Despite these problems, many boys and men do not receive the help they need (Addis & Mahalik, 2003; Hammer, Vogel, & Heimerdinger-Edwards, 2013; Knopf, Park, & Maulye, 2008). Research suggests that (Pollack, 1995) (Addis & Mahalik, 2003; Wong, Ho, Wang, & Miller, 2017). Further complicating their ability to receive help, many men report experiencing gender bias in therapy (Mahalik et al., 2012), which may impact diagnosis and treatment (Cochran & Rabinowitz, 2000). For instance, several studies have identified that men, despite being 4 times more likely than women to die of suicide worldwide (DeLeo et al., 2013), are less likely to be diagnosed with internalizing disorders such as depression, in part because internalizing disorders do not conform to traditional gender role stereotypes about men’s emotionality (for a review, see Addis, 2008). Instead, because of socialized tendencies to externalize emotional distress, boys and men may be more likely to be diagnosed with externalizing disorders (e.g., conduct disorder and substance use disorders) (Cochran & Rabinowitz, 2000). Indeed, therapists’ gender role stereotypes about boys’ externalizing behaviors may explain why boys are disproportionately diagnosed with ADHD compared to girls (Bruchmüller, Margaf, & Schneider, 2012). Other investigations have identified systemic gender bias toward adult men in psychotherapy (Mahalik et al., 2012) and in other helping services such as domestic abuse shelters (Douglas & Hines, 2011).
Well… Even if this is psychiatrists talking their book (a jobs guarantee for more members of the helping professions) it’s hard to see how (for example) it would be a bad thing if fewer boys were drugged for being boys (ADHD). And a layperson imitating a popular psychiatrists might ponder the spectacle of a gender socialized to refuse help becoming very angry at being told, as they see it, to seek professional help (particularly if, wages and working conditions being as they are, they would be unable to take advantage of it in any case). I also searched the Guidelines for the label “toxic masculinity” — not in DSM-5, for good or ill, and with “no universally agreed-upon definition of the concept” — and it does not appear. So it would seem that the media controversy around “toxic masculintity” is taking place in parallel to the report, rather than as a reaction to it. Without minimizing the badness of whatever behaviors are being grouped together under the label — readers know how much I hate party culture at fraternities, surely a classic example of same — it would seem to me that any socialization practice is going to result in “damage” of some sort, in that the scope of human potential is reduced. Presumbly we do not want men to be (inverting the binaries) needy, weak, and unable to solve problems on their own? If not, what do “we” want? Solidarity, perhaps, but of course that’s verboten under neo-liberalism.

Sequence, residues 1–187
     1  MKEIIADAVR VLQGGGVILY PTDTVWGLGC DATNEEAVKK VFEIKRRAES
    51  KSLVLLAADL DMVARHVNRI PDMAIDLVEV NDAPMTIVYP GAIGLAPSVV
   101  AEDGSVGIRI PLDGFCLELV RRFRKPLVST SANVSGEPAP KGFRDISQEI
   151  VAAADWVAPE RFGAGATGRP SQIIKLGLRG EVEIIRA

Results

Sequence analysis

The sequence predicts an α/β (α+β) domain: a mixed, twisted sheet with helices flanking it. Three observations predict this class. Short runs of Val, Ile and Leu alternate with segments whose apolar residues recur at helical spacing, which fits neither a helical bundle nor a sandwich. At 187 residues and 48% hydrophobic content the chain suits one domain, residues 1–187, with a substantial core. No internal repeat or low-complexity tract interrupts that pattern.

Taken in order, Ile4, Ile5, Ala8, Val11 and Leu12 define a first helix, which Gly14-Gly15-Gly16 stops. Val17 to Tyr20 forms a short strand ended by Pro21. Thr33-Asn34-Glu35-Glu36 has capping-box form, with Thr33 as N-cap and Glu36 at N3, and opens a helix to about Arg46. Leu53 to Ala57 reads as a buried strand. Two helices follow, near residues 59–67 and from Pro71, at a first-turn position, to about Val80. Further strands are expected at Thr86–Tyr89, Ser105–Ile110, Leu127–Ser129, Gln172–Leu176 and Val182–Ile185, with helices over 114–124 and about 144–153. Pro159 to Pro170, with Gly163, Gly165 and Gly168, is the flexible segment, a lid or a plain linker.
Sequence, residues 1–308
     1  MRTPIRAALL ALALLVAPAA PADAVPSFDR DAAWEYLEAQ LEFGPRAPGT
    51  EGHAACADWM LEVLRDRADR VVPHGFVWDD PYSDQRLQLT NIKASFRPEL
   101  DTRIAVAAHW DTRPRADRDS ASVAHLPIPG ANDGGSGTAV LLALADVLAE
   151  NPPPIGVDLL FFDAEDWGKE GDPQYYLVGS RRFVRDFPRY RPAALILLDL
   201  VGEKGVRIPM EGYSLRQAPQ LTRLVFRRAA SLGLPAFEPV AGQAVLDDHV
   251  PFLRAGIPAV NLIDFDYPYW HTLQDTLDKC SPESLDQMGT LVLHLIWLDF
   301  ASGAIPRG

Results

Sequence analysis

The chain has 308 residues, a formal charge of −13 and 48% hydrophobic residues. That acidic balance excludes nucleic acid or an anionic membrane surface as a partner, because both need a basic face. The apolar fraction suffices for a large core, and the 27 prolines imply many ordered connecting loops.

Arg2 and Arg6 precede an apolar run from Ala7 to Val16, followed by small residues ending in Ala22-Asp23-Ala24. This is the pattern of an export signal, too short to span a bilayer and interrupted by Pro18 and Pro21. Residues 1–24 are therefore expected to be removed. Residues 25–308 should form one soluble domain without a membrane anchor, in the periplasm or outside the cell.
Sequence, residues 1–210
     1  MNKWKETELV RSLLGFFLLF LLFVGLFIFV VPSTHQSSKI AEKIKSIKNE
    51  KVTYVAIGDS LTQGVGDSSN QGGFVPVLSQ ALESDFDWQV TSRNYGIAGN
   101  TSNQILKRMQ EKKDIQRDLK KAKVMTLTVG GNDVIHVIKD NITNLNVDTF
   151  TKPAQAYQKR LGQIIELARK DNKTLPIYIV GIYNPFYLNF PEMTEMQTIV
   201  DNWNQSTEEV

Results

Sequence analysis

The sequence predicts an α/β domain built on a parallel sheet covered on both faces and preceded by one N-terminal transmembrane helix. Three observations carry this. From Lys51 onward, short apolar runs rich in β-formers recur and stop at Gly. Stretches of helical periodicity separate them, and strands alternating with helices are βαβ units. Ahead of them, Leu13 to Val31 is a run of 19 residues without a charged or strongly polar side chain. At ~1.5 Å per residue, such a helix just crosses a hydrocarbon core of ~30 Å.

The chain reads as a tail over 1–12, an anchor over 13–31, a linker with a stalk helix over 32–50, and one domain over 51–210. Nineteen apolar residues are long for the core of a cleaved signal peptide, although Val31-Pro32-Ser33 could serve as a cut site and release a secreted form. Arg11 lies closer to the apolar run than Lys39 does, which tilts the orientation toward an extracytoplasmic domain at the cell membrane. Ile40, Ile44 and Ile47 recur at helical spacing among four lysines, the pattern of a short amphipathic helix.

And speaking of solidarity:
— David Hildebrand 🌹 (@David4Progress) January 16, 2019
That was fast.
“The desperate pursuit of woke capital” [The Spectator (Darth Bobber)]. “Increasingly, corporate America is deciding to seek a safe space by becoming ‘woke.’ Woke capital refers to advertising and branding that takes a stand on social issues. Businesses focus on showing how much they care and highlight themselves helping the world in some way. Whether it’s gender rights, anti-racism, environmentalism or vague hymns to global unity, advertisers rarely miss a chance to hit audiences with lines that would be rejected by Hallmark for being too corny.” • It’s always worth which tropes or topics, having been invented by one faction of the political class, can migrate seamlessly being used by other factions. “Fake news” is one obvious case; RussiaRussiaRussia is becoming another; and wokeness is a third. Indeed, there is only one trope I can think of that does not so migrate: The headine of this section. I can’t imagine why some sneaker company hasn’t adopted it.
“Judge Nixes Challenge Over Unpaid Shutdown Work” [Courthouse News]. “Denying federal employees a pass on working unpaid during the government shutdown, a federal judge ruled Tuesday that bending to their demands would be ‘profoundly irresponsible’ and throw the nation into ‘disarray.’ ‘At best it would create chaos and confusion,’ U.S. District Judge Richard Leon said from the bench this afternoon. ‘At worst, it could be catastrophic.’ Leon acknowledged the difficult position in which the shutdown has placed federal workers, who started missing paychecks last week, but said he could not grant the relief they were after. He said blocking the government from forcing employees to come in without pay could cause major disruptions to crucial government operations. ‘It’s hard not to empathize with the plaintiffs’ positions,’ said Leon, an appointee of President George W. Bush. ‘They’re not the ones at fault here.'” • Empathy won’t pay my bills…